Saturday, 2 August 2014

Walter Sisulu Botanic Gardens, Johannesburg, South Africa, July 2014

Walter Sisulu Botanic Gardens nestle beneath a rocky bluff in a well-heeled, well-guarded neighbourhood in the western suburbs of Johannesburg. Its finest feature is a beautiful waterfall that cascades down the face of the cliff, providing protection on one side for the nest of a resident pair of Black Eagles.
Being a Sunday morning, I expected the gardens to be busy, but the early morning chill of July kept the gardens quiet for the first couple of hours until the sun had time to warm the air.


A small flock of Speckled Mousebirds were perched in a leafless bush soaking up the warmth from the early morning sun. I noticed that they were all perched legs apart, exposing their bellies and breasts to the sun. Is this simply a more efficient way to warm up that the mousebirds have found? Answers on a postcard please.


I arrived a few minutes before the opening time of 08.00 and had to wait on the street outside until the gates were opened. The car park is worth exploring before venturing into the gardens and brought Southern Boubou, Fairy Flycatcher and Karoo Thrush before I handed over RSA 35 (@RSA 16 = £1) to enter.


I was greeted by an African Wattled Lapwing on the lawns just inside the gate. Further up the slope a Spotted Dikkop skulked like a petulant teenager with his hands in his pockets.


The main body of the gardens are to the south of the gate and I followed the path towards the waterfall which could be seen as I walked along.  Little side excursions brought Helmeted Guineafowl, Cape Robin Chat and Grosbeak Weaver. A Bokmakerie slowed my progress as it posed on a small patch of lawn.


The eagles were tending to a chick during this third week of July and the eagle-watchers had set up a stand with a scope, information on the pair, their history and breeding success of previous years. They kept notes on the comings and goings and were able to update anyone who was interested, on the birds’ breeding progress so far this year.


My attempts to capture decent photos were not very successful despite many, many shots fired. The intent at the back of my mind for a 10,000 Birds post featuring the eagles may have to wait until I have mastered this photographic lark. Nevertheless, a couple of useable ones came out as the male (I was reliably informed) glided across the face of the cliff, harried by Pied Crows that leapt into flight every time the eagles took to the air.


If you prefer better picture quality, try the live eagle cam mounted on the cliff, close to the eagles' nest.
The female (again I am relying on local knowledge) remained on the nest and the chick could be seen over the edge of the structure when it sat up.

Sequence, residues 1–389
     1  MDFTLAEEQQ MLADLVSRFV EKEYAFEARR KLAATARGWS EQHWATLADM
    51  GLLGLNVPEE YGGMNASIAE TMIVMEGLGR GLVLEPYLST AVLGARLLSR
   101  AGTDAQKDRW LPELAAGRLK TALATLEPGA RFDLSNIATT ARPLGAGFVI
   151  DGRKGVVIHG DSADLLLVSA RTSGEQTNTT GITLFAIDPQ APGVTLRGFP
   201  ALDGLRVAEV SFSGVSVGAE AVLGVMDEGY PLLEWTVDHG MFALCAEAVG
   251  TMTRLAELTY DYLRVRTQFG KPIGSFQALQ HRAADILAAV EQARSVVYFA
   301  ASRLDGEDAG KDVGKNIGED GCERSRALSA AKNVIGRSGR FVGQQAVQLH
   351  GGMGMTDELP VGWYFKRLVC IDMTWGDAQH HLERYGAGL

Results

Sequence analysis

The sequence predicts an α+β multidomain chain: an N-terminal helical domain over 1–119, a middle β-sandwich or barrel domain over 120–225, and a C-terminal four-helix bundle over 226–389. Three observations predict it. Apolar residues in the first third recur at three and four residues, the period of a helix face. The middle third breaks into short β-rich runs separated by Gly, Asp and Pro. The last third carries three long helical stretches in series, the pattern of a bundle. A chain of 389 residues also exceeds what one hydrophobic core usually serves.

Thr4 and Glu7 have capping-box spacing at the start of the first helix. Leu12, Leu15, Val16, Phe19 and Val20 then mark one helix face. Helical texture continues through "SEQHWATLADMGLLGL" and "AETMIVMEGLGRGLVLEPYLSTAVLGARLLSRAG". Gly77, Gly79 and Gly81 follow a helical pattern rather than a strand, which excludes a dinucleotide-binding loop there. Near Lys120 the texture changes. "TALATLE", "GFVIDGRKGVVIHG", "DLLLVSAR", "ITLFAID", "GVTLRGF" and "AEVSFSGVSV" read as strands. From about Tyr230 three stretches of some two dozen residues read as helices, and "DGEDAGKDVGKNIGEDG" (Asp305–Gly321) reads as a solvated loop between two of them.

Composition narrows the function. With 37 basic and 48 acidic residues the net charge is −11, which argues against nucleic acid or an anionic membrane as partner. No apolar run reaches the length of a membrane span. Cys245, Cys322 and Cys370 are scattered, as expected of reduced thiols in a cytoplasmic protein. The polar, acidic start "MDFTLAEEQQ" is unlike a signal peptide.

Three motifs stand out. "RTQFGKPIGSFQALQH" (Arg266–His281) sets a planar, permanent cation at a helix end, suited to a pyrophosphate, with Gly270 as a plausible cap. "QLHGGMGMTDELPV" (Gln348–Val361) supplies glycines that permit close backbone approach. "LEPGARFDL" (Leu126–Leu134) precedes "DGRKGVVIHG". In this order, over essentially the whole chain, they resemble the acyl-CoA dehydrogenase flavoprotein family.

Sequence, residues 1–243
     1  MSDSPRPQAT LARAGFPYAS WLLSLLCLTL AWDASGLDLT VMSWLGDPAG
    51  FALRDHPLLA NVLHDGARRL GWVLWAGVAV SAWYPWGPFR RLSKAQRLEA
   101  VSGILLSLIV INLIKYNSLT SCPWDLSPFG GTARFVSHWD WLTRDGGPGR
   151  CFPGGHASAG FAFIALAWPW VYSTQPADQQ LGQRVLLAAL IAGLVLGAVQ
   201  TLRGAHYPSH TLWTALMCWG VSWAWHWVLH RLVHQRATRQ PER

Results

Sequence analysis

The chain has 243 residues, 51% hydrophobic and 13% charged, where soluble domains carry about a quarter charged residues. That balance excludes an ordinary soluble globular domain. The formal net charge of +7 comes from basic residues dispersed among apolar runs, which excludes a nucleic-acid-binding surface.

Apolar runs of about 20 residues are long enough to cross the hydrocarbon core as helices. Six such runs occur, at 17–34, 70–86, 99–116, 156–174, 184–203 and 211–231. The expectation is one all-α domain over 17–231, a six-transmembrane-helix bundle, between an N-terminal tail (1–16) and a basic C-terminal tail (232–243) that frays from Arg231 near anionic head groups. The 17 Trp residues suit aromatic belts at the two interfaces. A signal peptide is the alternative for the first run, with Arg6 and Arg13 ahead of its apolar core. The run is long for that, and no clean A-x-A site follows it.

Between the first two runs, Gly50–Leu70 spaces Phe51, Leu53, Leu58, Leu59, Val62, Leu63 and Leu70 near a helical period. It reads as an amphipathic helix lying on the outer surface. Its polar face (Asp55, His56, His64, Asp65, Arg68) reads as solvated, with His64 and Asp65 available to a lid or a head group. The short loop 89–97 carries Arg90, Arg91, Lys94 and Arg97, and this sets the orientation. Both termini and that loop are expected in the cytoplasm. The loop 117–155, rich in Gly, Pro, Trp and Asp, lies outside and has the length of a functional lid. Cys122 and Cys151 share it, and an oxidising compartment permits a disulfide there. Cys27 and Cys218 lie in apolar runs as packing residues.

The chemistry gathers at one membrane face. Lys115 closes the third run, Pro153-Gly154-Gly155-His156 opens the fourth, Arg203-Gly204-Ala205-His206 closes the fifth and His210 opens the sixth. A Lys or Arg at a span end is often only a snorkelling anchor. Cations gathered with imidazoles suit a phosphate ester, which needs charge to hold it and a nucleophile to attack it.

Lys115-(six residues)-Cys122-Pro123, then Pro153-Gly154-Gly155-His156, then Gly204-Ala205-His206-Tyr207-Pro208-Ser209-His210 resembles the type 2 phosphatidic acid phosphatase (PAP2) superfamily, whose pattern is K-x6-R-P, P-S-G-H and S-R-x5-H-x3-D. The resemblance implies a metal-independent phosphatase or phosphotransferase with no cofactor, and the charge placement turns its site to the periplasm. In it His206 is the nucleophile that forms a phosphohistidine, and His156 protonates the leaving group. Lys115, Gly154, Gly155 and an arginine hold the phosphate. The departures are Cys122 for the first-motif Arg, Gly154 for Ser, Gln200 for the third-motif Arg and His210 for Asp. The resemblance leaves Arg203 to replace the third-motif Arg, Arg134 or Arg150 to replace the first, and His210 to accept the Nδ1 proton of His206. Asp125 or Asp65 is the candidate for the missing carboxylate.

The male caught a Rock Hyrax as we watched, but I was surprised that he didn’t take it to the nest. Instead, he found a cliff perch and appeared to eat the dassie without any thought given to his partner or their offspring.


A trail leads up the slope to the right of the waterfall and a good vantage point can be found a little way up. It gives a better angle to view the nest and brings the watcher closer to the eagles’ early morning flight level as they cross the cliff before the thermals give them lift for soaring.

The trail leads to the top of the waterfall where signs advise people who need advising, that they should not throw stones at the eagles’ nest. The birds have actually moved nest sites to a position just beyond normal stone-throwing distance and with a ledge above to protect from the stronger arm. The new site for the nest is just out of view from the top of the cliff, but Rock Martins, Black-collared Barbet and Red-winged Starlings were seen while I was up there.


The trail then drops back down through acacia scrub towards the northern part of the garden. The acacia bushes are popular with Common Fiscal ShrikeTawny-flanked Prinia, Bar-throated Apalis and Common Bulbul.
A hide overlooks a small dam at Google Earth ref;26 5 5.57S 27 50 36.85E. A Green-backed Heron hid amongst the grass at the edge of a small island in front of the hide. A Long-tailed Cormorant flew in and despite hauling up right in front of the heron, neither bird even acknowledged the other.


The peace was ruined by the arrival of a small flock of Hadeda Ibis. They flew into the tree beside the dam with a loud squawking and flapping. One dropped down to a dead snag in the water and gave a beautiful view of the sheen that can be seen on its plumage in good light.


Bird list for Walter Sisulu Botanic Gardens; 40

Egyptian Goose 2, African Black Duck 1, Helmeted Guineafowl 4, Lon-tailed Cormorant 1, Cattle Egret 1, Striated Heron 1, Hadada Ibis 7, Verreaux’s Eagle 3, Peregrine Falcon 1, Blacksmith Plover 8, Crowned Lapwing 2, Speckled Pigeon 6, Red-eyed Dove 15, Ring-necked Dove 4, Laughing Dove 2, Grey Go-away-bird 4, White-browed Coucal 1, Speckled Mousebird 15, African Grey Hornbill 1, Black-collared Barbet 2, Southern Boubou 3, Bokmakerie 2, Common Fiscal 2, Pied Crow 15, Rock Martin 5, Fairy Flycatcher 1, Common Bulbul 20, Bar-throated Apalis 2, Tawny-flanked Prinia 3, Cape Robin-Chat 2, Cape Rock-Thrush 2, Karoo Thrush 2, Cape Glossy Starling 2, Red-winged Starling 5, White-breasted Sunbird 1, Yellow-fronted Canary 6, Cape Sparrow 20, Yellow-throated Petronia 10, Village Weaver 3, Grosbeak Weaver 1.

Walter Sisulu Botanic Gardens is open every day from 08.00 until 17.00 and costs RSA 35 to enter. Secure parking is offered in the marshalled, gated car park.
Facilities include toilets, restaurant and gift shop.
An open air stage at the lower end of the first lawn is the venue for musical evenings as the audience picnic on the grass. Event information can be seen at this link;

Previous visits to Walter Sisulu Botanic Gardens can be seen at the links below;


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